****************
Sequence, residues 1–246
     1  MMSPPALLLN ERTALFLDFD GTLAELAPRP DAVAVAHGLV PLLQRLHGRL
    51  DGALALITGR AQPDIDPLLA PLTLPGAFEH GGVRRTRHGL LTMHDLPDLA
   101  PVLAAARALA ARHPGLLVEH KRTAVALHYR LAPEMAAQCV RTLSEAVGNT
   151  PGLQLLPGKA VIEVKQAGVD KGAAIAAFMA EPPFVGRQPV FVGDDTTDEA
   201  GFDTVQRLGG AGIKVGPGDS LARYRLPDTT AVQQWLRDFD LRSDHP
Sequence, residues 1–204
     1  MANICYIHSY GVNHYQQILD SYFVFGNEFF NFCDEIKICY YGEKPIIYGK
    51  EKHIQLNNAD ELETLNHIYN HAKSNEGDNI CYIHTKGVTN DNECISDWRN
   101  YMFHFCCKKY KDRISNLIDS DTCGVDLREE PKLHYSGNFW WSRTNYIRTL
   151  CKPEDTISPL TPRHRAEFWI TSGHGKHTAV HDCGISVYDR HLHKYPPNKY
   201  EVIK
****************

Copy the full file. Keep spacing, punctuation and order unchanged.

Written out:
Sequence, residues 1–246
     1  MMSPPALLLN ERTALFLDFD GTLAELAPRP DAVAVAHGLV PLLQRLHGRL
    51  DGALALITGR AQPDIDPLLA PLTLPGAFEH GGVRRTRHGL LTMHDLPDLA
   101  PVLAAARALA ARHPGLLVEH KRTAVALHYR LAPEMAAQCV RTLSEAVGNT
   151  PGLQLLPGKA VIEVKQAGVD KGAAIAAFMA EPPFVGRQPV FVGDDTTDEA
   201  GFDTVQRLGG AGIKVGPGDS LARYRLPDTT AVQQWLRDFD LRSDHP
Sequence, residues 1–204
     1  MANICYIHSY GVNHYQQILD SYFVFGNEFF NFCDEIKICY YGEKPIIYGK
    51  EKHIQLNNAD ELETLNHIYN HAKSNEGDNI CYIHTKGVTN DNECISDWRN
   101  YMFHFCCKKY KDRISNLIDS DTCGVDLREE PKLHYSGNFW WSRTNYIRTL
   151  CKPEDTISPL TPRHRAEFWI TSGHGKHTAV HDCGISVYDR HLHKYPPNKY
   201  EVIK